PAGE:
Workplace cold weather advice and safety tips for the winter months
Winter is here, and cold temperatures bring unique safety risks for those who work outdoors. For instance, frostbite and hypothermia risks due to lost body heat (especially when wearing wet clothing). Additionally, slip hazards increase during outdoor activities like de-icing equipment and vehicles.
Make sure your workplace and employees are ready to face the elements this winter season. As the temperature drops, help prepare for potential hazards with the following winter safety tips and advice.
What’s so dangerous about winter?
Winter weather can be dangerous in different ways, from the effects of wind and rain, to snow and cold temperatures. The key is to properly prepare for winter weather conditions. Thus, determine how conditions may affect your facility, equipment, and employees.
Here are just a few safety issue scenarios and solutions to consider:
Slippery surface hazards
Does water or ice turn certain stairs or ramps into slip and fall hazards? Installing permanent safety treads can head that problem off. More so, they save time and money rather than sprinkling rock salt every day. Indoors, industrial absorbent mats help keep floors clean and dry. You can say goodbye to puddles from wet work boots or umbrella drips.
Potential structural damage
Will winter storm rain or snow meltwater pose structural building risks, like roof damage? Make sure you’re prepared with the right stormwater management products. For example, a temporary and easy to install roof leak diverter.
Likewise, burst pipes and ruptures are other common occurrences in freezing temperatures. However, having an emergency kit for leaks ready to go can quickly halt equipment damage. Moreover, save you from facing an expensive repair bill.
Does your facility or warehouse rely on devices like gas-fueled space heaters for warmth? Without correct ventilation, dangerous build up of carbon monoxide is possible. Install a battery power CO detector as an alert against carbon monoxide poisoning. But don’t forget to check your detector every year to make sure it is in good working order. And always keep a stock of extra batteries in your emergency supplies!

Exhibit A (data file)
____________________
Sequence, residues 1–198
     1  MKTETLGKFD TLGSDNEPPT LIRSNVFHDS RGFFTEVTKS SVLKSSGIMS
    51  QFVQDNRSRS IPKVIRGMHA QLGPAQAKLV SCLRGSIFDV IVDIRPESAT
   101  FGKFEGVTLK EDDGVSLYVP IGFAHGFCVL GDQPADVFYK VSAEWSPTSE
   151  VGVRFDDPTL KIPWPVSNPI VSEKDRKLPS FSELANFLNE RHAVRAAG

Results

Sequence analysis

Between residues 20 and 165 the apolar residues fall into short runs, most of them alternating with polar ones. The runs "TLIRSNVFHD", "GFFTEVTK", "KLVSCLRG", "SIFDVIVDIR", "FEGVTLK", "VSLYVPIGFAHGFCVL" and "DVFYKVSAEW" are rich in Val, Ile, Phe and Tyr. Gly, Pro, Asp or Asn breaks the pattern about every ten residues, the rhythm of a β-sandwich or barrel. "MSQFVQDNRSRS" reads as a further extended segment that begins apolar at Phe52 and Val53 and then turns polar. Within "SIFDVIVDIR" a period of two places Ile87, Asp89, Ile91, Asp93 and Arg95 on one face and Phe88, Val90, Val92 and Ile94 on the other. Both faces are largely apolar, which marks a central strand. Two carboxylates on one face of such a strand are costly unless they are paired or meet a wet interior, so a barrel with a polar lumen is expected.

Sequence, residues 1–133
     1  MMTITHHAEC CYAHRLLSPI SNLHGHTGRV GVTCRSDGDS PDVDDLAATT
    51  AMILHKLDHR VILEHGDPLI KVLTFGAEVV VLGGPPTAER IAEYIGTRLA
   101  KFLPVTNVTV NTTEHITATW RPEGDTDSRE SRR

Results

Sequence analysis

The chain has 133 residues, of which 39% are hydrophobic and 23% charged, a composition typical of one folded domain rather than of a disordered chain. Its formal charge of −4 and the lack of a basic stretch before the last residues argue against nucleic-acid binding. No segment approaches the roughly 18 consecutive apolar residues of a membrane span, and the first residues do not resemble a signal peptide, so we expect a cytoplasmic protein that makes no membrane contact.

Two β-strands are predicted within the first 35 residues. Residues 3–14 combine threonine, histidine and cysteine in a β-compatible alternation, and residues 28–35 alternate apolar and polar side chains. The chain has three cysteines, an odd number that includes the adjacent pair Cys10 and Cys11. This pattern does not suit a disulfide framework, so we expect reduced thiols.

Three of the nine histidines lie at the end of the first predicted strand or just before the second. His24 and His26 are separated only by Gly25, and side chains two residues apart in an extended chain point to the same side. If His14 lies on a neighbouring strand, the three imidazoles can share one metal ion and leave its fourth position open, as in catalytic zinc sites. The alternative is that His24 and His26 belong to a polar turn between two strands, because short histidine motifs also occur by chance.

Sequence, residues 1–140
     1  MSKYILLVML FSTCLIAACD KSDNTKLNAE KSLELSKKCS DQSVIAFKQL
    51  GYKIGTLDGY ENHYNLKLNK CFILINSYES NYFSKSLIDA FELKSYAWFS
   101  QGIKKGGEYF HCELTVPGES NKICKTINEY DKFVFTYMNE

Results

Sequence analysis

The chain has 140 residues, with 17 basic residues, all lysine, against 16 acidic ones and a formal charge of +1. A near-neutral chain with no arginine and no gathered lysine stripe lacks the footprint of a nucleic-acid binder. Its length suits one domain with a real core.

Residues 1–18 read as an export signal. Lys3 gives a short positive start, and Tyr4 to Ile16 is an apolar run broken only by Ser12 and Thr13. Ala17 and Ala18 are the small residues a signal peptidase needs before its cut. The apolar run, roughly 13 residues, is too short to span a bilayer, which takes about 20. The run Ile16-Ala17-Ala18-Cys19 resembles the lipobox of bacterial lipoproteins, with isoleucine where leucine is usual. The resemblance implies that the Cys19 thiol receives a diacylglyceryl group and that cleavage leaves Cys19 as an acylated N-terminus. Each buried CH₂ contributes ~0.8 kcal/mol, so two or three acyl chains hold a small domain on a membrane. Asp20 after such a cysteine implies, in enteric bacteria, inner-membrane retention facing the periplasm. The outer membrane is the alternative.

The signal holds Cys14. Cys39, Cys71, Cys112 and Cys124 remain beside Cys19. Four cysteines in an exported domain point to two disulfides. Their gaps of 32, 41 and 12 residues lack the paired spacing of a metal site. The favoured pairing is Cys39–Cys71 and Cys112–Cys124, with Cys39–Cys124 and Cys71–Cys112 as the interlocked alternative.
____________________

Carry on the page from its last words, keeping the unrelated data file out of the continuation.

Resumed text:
And of course, protecting your employees from health problems in cold conditions should be top priority. In extreme cold conditions, hypothermia—an abnormally low body temperature—poses a very serious health risk. Warning signs in adults include shivering, exhaustion, confusion, slurred speech, and drowsiness. If your employees start to exhibit these symptoms, seek medical care immediately. Especially if their temperature falls below 95° F.
Staying safe in winter while working outdoors
Unfortunately, wintertime doesn’t always allow for jobsites and work activities to move indoors. Especially for service industries such as construction and maintenance crews. In many regions of the United States, snow removal using snow blowers or shoveling is a necessity to keep operations running smoothly.
That’s why it’s essential to educate staff on basic cold weather safety tips. Like knowing the warning signs of hypothermia and frostbite. Help them to stay safe by ensuring they understand the importance of:
- Dressing in appropriate layers for the weather. This includes hats, gloves/mittens, and outerwear;
- Taking frequent breaks in warm, dry areas to allow their bodies to recover;
- Eating and drinking warm, high-calorie foods and beverages as well as avoiding alcohol and caffeine; and
- Avoiding fatigue because the body uses a lot of energy to keep warm.
Healthy bodies are better equipped to handle extreme temperatures and weather conditions. That means, one way you can prepare for the changing season is with overall health and fitness!
The best preparation is comprehensive training
Your best tool against cold-induced injuries and illnesses is an informed, well-trained staff. Here are some areas in which you should train your workforce:
- Prevention — Being aware of all cold weather risks gives you the opportunity to prevent some of the dangers. Prevention training will ensure you have the safety materials you need to get your workforce through the winter without a hitch.
- Identification — Employees should be able to recognize and identify different cold-induced illness and injury symptoms and signs in themselves and others. The sooner you identify problems, the sooner you can treat them.
- Treatment — You should train your workforce in proper first aid to allow members to treat cold-induced injuries and illnesses. Knowing the right steps to take if someone starts showing trench foot or hypothermia signs could turn a possibly major injury into something minor.
OSHA’s website provides many workplace winter safety tips, including winter driving and a cold stress guide. As well, the CDC offer helpful publications such as preventing cold-related injuries for workers.
Useful winter safety supplies for your workplace
As we mention above, preparing your workplace to tackle cold conditions is a must. Help ensure a safer winter season with our list of workplace emergency supplies:
- Non-slip absorbent floor mats can soak up wet foot traffic in entry ways and prevent workers from taking a spill.
- Granular absorbents and sorbent pads quickly clean up chemical spills like antifreeze, and stop slick surfaces or icy water puddles.
- Emergency leak repair kits will deal with pipe ruptures, roof leaks, and more.
- Caution tape and caution mat pads easily alert of hazards like wet floors.
- Orange safety cones or vertical panel barricades with safety messages are other great options to warn workers about potential dangers.
Even in this modern age, winter weather can be extremely dangerous for the unprepared. Don’t get caught out in the cold: Plan for winter workplace safety.
This is a revision to a blog post with an original publish date of December 6, 2016